Somehow though, I don't think Nike will mind too much at all.  There's no such thing as bad publicity, or so the saying goes, and nothing better than free publicity so though the Chariot may have been derailed at the Aviva Stadium on Saturday, I somehow think the Swoosh are still smiling.

Another Amazing Tale From The World Of Sport

Just last week, I wrote about inspiration in life and in sport, and how powerful a force it can be for us all.

As if to serve as a reminder, this weekend just gone has given us one of the most inspiring stories you can imagine.

Anthony Robles is from Mesa, Arizona, where he was born in 1988.  He wrestled throughout high school, went undefeated in his final two years (that’s 96 straight wins) and became state and national champion.  He then went on to continue wrestling for Arizona State University, winning a scholarship, and three times he has been the best wrestler in his weight division in the PAC-10 division.  This past weekend, in his biggest achievement to date, he again won a national title, becoming the best collegiate athlete in the 125lb weight division.

Anthony was born without his right leg, and hasn’t worn prosthetic one since he was 3 years old.

To watch this video and to see his tenacity and inability to acknowledge adversity is phenomenal.  It is the definition of inspiration if it ever existed.  Even his words following his victory show humility, level-headedness and courage.

"People have been asking me if I want to try out for freestyle (the Olympic style) or anything like that," says Robles.

"But I've had a great run. Started wrestling when I was a freshman in high school. It's been a great ride.

"Wrestling's been my life for nine years now. I don't know what I'm going to do without competition now. But it's been a blessing in my life. It's taught me so much. It's really helped me to become a man. And I'll be forever grateful for that."

"I really don't see missing my leg as a handicap.  You know, my parents raised me strong and they didn't give me any special treatment. So, I believe I can do anything I set my mind to and wrestling is something I enjoy, I love it and I'm just trying to be best at it."

I wish Anthony all the best, and thank and congratulate him for giving us this amazing story.

Monday, 21 March 2011

The Coke, The

We spotted this somewhere near Kilcullen while on our way to Belfast for the Irish Blog Awards on Saturday.  If the night out and Sunday's booze cruise weren't worth the trip, and they were, then this certainly was!

(Note: Blog title refers to this Simpsons joke, in case you were wondering)

Saturday, 19 March 2011

Inspiration Is All Around

In life, and in sport, perspective is everything.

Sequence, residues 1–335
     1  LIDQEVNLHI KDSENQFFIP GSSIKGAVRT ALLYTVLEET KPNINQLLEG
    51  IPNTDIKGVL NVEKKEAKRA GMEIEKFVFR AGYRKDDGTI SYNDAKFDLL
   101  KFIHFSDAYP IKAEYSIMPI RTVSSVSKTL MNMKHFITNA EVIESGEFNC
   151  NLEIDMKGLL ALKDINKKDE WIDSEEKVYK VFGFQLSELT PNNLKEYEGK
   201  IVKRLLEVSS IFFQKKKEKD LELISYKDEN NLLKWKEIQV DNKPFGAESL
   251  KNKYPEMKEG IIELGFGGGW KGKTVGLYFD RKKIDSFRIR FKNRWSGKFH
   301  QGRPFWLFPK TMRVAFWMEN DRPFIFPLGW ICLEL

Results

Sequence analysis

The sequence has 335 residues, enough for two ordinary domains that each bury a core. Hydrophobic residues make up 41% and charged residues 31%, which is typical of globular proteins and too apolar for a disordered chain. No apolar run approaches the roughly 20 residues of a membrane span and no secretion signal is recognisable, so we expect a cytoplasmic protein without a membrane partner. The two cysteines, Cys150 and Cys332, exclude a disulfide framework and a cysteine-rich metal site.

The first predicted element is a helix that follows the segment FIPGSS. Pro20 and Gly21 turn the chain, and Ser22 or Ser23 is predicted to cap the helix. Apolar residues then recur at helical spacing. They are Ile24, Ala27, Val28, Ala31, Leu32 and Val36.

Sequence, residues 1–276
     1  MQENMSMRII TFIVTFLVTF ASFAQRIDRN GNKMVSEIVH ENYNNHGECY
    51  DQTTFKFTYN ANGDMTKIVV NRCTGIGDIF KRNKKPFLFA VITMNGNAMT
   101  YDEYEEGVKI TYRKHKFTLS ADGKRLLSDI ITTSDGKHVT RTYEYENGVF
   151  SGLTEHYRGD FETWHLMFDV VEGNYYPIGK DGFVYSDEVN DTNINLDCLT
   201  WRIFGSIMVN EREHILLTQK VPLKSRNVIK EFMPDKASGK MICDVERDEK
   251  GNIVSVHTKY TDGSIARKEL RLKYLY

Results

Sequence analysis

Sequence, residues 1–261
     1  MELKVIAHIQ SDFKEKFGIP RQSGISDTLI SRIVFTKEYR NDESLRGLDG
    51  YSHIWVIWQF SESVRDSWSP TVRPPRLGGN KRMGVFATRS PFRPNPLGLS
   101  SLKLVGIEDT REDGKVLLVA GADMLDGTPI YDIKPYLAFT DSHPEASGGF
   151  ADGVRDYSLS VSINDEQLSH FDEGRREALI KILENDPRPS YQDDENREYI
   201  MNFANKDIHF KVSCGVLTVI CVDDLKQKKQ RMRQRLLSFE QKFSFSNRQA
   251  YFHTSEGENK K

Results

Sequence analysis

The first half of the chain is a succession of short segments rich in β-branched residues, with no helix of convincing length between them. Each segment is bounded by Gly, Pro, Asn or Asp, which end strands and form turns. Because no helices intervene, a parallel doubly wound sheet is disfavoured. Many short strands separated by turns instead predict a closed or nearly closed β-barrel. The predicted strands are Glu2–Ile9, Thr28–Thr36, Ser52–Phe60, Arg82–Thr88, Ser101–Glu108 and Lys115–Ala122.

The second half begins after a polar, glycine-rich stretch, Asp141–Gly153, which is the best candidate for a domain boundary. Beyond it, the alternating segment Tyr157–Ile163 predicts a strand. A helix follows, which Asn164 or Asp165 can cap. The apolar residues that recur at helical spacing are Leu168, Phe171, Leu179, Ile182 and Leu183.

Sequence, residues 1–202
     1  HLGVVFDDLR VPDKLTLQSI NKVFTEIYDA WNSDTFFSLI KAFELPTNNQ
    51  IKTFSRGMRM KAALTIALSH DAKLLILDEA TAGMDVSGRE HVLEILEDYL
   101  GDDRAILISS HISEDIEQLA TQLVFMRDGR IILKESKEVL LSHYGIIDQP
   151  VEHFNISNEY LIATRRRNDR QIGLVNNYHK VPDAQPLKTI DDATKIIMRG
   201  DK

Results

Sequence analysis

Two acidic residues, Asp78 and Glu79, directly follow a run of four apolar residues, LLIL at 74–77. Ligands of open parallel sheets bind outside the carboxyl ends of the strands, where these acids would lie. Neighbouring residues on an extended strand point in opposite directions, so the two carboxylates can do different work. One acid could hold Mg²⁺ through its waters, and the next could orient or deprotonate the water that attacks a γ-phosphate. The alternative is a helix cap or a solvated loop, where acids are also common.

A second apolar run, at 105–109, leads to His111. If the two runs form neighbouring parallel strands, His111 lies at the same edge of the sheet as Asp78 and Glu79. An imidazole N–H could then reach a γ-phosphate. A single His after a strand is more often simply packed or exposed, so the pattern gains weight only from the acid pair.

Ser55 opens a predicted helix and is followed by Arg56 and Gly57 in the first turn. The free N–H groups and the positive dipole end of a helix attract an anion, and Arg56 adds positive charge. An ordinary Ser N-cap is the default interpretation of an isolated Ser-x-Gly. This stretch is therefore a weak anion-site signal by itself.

The majority of posts on this site, sporadic as they are, are of the here and now; of the game/match/fight/story of that day. Current affairs are, after all, the most pressing kind.

However, that does not mean that we should not know from where we come. I enjoy watching sports and fights from before I was born as much as I do those happening live on television. Some query this; my better half lists ESPN Classic and the BBC Red Button’s fantastic Classic Formula 1 feature among her pet hates. I also love watching sports documentaries, often about people and events I know little of, and I do this for one reason above all others.


Perspective and knowledge are key, but without inspiration sport wouldn’t exist. Sports stars need a hook to draw them into a sport. Bernard Dunne speaks about the importance of Barry McGuigan, Lewis Hamilton idolizes Ayrton Senna and goodness only knows how many 10 year olds have kicked a ball against a wall imagining they are Pele, or Maradona, or Keane, or Rooney or whoever. As much as sport is about community, and our very existence, it is also something that inspires us, fans and competitors alike, and spurs it on.

I watch those historic events to be inspired, to see great fighters and athletes at their best, creating history. I also watch live events to see history as it is created, so in years to come I can say I was there when Dunne knocked out Cordoba, or when Schumacher clinched a World Title, or at the very least I can say I was sat in front of the television rejoicing with millions others when Bolt ran 9.58 in Berlin, or McAteer scored against the Dutch or any one of thousands of other events. I was alone, or in a small group, but I was one of many rejoicing. Together, alone. We were inspired by the things in front of our noses, something that I get to experience every day.

I am inspired by the woman I love, my Hellie. She took up blogging at my behest, twitter too. She know kicks my ass at both. Tomorrow, we heard to Belfast for the Irish Blog Awards 2011 in which her blog, http://www.anseo-a-mhuinteoir.com is nominated in the Best Education/Science Blog Category. Her’s is the only Primary School blog in the final five. She is also very active on twitter, @anseoamuinteoir, and best of all, she does this not for herself but for others. Blogging and interacting allows her to be a better teacher, something she loves, something she was born to do.

It is her passion, and it is her hope to inspire children for years to come. This passion can be see on her site, and in how she has made friends and relationships and earned the respect of others online. She inspires me as well. I intend to work hard over the next twelce months so that when we return to next year’s awards, we do so as a pair of nominees.

Thanks babe x